• Around 2.2 million people seek treatment for TBI in Emergency Rooms and Trauma Centers annually.
    • 280,000 TBI victims are ultimately hospitalized in connection their injuries.
    • Roughly 50,000 victims die as a result of TBI – that’s equal to roughly 137 deaths each day.
    • The leading causes of TBI include falls (over 40%), stuck by / against incidents, auto accidents, assaults, and unknown / other causes.
    • TBI affects more than just victims; they also impact families, friends, health care providers and insurance companies, attorneys, educators, employers, and government agencies.

    Washington, D.C. Brain Injury Lawyers Serving the DMV

    Chaikin, Sherman, Cammarata & Siegel, P.C. devotes a large part of our practice to protecting the rights, health, and future of brain injury victims and their families. Our involvement in this difficult practice area entails comprehensive support for our clients, our communities, and all brain injury victims:

    • BIADC – Two of our firms Partners founded the Brain Injury Association of Metropolitan Washington, D.C., and Joseph Cammarata currently serves as the President of BIADC.
    • Legislation – Our attorneys are advocates for better laws relating to brain injuries and victims, including Partner Joseph Cammarata’s drafting of D.C. Youth Athletic Concussion Protection Act, which became law in the District of Columbia and is regarded as the most comprehensive law of its kinds in America.
    • Representation – Our firm is expressly committed to representing brain injury victims and families who seek justice and compensation following car accidents and truck accidents, slips and falls, bicycle accidents, and other preventable incidents caused by the negligence of others. Over the years, we’ve recovered millions of dollars in compensation for brain injury victims, including several multi-million dollar case results.

    We encourage you to get involved in spreading the word about TBI and Brain Injury Awareness Month. Visit the BIAA website to learn more about what you can do and how you can spread the word on social media. You can also browse our website to learn more about brain injuries, their common causes, and the various types of TBI. Our attorneys are also available to help you better understand your rights, options, and what we can do to help after you or someone you love sustains a TBI in any type of accident in DC, Maryland, or Virginia. Contact us online or call (202) 644-8303 to speak with a lawyer.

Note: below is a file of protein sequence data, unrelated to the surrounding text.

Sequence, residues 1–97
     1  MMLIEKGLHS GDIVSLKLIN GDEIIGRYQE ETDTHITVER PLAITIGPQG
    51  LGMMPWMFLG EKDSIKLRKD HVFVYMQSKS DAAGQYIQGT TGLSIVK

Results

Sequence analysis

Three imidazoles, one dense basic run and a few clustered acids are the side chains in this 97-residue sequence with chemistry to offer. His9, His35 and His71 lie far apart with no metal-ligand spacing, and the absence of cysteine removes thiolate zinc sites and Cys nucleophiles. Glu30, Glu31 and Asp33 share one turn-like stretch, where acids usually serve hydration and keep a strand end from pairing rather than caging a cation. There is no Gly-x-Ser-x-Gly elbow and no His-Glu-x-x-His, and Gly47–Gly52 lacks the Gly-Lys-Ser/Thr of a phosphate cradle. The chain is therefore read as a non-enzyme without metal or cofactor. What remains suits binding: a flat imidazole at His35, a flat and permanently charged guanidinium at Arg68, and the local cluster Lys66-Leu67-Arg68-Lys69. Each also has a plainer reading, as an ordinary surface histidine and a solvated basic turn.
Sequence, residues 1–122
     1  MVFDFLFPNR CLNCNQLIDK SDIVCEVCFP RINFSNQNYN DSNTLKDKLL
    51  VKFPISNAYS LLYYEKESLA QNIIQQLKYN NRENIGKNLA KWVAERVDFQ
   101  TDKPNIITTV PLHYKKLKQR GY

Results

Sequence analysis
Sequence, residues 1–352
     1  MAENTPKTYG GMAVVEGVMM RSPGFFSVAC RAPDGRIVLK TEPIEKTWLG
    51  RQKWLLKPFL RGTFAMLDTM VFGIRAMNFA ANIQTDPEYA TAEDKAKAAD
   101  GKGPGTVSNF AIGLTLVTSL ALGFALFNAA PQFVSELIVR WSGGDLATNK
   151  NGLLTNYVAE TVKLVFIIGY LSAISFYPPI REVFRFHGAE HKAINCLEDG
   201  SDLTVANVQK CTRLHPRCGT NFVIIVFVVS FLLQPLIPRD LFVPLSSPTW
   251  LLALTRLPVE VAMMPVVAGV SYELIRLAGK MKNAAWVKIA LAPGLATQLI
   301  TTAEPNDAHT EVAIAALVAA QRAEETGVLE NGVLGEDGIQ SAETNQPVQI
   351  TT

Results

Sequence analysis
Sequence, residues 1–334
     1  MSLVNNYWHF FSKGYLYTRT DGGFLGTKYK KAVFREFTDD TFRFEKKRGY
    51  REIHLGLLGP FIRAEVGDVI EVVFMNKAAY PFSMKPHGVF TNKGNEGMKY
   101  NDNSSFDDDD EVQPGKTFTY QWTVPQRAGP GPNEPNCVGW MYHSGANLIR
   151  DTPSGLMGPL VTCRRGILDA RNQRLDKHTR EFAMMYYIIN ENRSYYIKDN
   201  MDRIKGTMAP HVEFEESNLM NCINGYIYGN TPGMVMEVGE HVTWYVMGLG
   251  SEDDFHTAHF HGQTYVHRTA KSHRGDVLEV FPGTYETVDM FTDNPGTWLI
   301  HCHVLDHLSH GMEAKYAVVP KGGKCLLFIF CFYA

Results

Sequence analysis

Read More
  • How the Attorney-Client Privilege Protects Your Communications with a Lawyer

    By: Matthew Tievsky

    The attorney-client privilege is a rule which has governed courts in the United States for over a century. The rule holds that if an attorney advises a client concerning a legal matter, neither the attorney nor the client can be compelled by a court of law to disclose the content of those communications. Relatedly, an attorney is not allowed to disclose those communications without the client’s permission.

    The function of the attorney-client privilege is to ensure that you, the client, can get the best legal advice possible. Because the privilege protects the secrecy of attorney-client communications, you can be honest and candid with your attorney, without worrying that it will hurt your case. Furthermore, you don’t have to worry that potentially embarrassing information will be made public.

    In turn, your attorney will have the information and unvarnished truth they need to effectively protect your rights and interests while handling your case, and to avoid any surprises which may arise because they were left in the dark about a certain issues you didn’t disclose due to fear of its dissemination.

    Fortunately, it isn’t necessary to formally hire a lawyer in order to gain the attorney-client privilege. Any consultation with a lawyer can be covered by the privilege, including the first phone call you make to a lawyer to determine whether you will hire them.

    If you or any friend, family member, or person you know has been wrongfully injured by another’s negligence, you can call the personal injury attorneys at Chaikin, Sherman, Cammarata & Siegel, P.C., for a free consultation – which will be private and confidential.

    Our legal team serves clients throughout Washington, D.C., Maryland, and Virginia. Call (202) 644-8303 to speak with a lawyer.

    Read More